"Chelsea sought medical help three times, presenting severe physical symptoms in hopes of entering a detox unit, only to be sent home by her GI specialist with anti-anxiety and pain meds. Within days, I felt her symptoms warranted hospitalization and after calling the doctor to report her symptoms hadn't changed, and I was again discouraged from taking her to ER. I then insisted the physician meet us there for a better understanding of her treatment under his care. Upon arrival, we were told the shocking news, she was in double organ failure with a 10% chance of survival without a transplant. Terri and her family were also told she would have to wait six months to be added to the organ transplant list because of her admittance to her addiction. There was also the possibility that she may have had an underlying illness that we will never know of. They were testing for everything they could think of by the time she was transferred to Chicago; cancer, auto-immune disease, and others. There was speculation that she may have had other internal issues that were overlooked. Terri said after ten days in ICU, the next unfortunate decision was made. Chelsea was put on a non-acute floor, and Terri was encouraged to go home.
"A family member told the nurse repeatedly that Chelsea kept saying, 'I can't breathe.” The nurse said she would have to wait and that she had a call into the doctor. She coded within minutes and was intubated for the next 9 days, losing her only chance for survival- a life-saving transplant during this most critical time; we believe" Terri explained. Finally, during her six-week hospitalization, Chelsea acquired an infection they called a spontaneous bacterial infection, - thus completing this tragically, a perfect storm.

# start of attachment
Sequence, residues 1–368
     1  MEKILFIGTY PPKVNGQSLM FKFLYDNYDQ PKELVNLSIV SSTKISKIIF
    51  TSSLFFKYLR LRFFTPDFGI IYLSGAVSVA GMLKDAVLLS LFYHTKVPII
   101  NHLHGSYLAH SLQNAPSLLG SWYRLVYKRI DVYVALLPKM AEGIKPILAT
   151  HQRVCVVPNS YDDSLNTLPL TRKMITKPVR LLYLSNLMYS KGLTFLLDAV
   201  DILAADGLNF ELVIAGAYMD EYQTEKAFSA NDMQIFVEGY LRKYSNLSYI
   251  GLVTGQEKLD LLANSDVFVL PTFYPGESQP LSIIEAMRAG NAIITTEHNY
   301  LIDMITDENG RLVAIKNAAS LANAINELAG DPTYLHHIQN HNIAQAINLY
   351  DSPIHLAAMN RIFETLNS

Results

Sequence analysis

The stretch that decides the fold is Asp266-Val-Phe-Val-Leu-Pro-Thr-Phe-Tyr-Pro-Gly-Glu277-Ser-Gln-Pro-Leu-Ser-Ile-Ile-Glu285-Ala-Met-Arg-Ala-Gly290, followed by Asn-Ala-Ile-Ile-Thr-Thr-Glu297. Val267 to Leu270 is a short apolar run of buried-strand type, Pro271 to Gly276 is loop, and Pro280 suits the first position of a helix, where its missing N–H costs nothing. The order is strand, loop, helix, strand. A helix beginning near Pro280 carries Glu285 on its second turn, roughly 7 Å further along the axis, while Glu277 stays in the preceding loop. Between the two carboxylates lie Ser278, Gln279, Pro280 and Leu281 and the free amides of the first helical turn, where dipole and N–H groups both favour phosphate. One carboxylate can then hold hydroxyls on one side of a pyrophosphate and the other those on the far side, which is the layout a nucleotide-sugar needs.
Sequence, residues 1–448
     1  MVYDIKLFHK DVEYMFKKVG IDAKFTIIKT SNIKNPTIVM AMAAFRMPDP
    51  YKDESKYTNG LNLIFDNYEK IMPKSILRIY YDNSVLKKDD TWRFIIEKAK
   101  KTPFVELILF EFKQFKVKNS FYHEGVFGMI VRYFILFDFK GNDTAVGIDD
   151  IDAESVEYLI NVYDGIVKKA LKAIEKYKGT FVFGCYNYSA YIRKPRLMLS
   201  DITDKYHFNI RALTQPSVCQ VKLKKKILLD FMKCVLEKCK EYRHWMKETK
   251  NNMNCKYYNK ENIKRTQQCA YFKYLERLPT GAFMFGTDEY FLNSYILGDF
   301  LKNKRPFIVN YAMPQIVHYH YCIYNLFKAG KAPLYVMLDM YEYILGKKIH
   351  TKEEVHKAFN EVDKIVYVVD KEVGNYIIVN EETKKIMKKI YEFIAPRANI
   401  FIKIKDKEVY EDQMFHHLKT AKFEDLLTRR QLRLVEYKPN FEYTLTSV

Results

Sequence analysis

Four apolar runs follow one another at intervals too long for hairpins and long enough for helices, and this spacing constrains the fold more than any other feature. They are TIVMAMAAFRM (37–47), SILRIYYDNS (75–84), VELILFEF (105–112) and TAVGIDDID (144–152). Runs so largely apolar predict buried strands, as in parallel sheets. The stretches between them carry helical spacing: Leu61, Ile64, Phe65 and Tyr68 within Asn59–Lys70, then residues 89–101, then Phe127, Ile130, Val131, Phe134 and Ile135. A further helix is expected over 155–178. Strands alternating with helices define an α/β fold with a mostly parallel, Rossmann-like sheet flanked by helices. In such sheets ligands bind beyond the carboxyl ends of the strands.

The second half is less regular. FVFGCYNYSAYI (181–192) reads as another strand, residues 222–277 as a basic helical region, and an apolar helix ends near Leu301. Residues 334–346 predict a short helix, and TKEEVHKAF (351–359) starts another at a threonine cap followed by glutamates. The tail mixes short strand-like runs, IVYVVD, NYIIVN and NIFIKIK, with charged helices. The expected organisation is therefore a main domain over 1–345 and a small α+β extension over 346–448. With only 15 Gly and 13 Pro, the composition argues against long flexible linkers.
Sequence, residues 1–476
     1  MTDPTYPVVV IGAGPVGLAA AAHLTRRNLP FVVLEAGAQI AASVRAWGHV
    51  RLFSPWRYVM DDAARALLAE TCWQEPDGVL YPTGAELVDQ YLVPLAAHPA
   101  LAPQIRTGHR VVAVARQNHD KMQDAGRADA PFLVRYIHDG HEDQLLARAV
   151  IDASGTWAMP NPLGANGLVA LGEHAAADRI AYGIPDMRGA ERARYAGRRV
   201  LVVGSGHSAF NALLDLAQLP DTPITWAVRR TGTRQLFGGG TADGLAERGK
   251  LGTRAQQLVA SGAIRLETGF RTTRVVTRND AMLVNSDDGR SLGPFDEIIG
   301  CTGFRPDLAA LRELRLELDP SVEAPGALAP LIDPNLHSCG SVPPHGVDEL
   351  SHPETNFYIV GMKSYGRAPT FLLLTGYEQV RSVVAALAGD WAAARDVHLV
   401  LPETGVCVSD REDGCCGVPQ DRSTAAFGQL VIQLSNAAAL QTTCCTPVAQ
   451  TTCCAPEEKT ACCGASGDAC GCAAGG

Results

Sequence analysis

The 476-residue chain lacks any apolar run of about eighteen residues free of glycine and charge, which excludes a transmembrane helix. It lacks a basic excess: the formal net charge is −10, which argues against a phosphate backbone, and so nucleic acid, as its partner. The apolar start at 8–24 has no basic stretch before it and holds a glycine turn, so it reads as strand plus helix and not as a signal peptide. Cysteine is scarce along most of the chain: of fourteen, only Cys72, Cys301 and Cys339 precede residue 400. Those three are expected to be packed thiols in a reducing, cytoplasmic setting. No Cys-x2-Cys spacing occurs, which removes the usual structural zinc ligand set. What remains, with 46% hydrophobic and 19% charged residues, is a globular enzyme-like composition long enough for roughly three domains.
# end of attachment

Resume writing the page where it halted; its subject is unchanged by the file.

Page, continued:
Terri reflected, "Ironically, I sent her to Northwestern in hopes of an organ transplant ... her last chance for survival. The feeling of helplessness was not unlike the 'John Q' drama, as at one point I nearly begged for a transplant. The 6-month arbitrary rule was followed even though she didn't have that kind of time. So, they transferred her to the Rehab Institute of Chicago - and she was back in two days, by ambulance." Chelsea fought with all of her might to get strong during these two days. We were told the devastating news; she had a 50 percent chance of surviving the infection. There were no words for this day as we waited.
Her boyfriend, Matt, never left her side. She had a positive attitude and prayed continually with her Mother. She arrested and fell into a coma as the transplant team rushed to her side. The neurologist delivered the most devastating news of all and Terri & her family had to make the absolute unthinkable decision to remove life support. We will never be the same without her. She was a beautiful and talented young woman.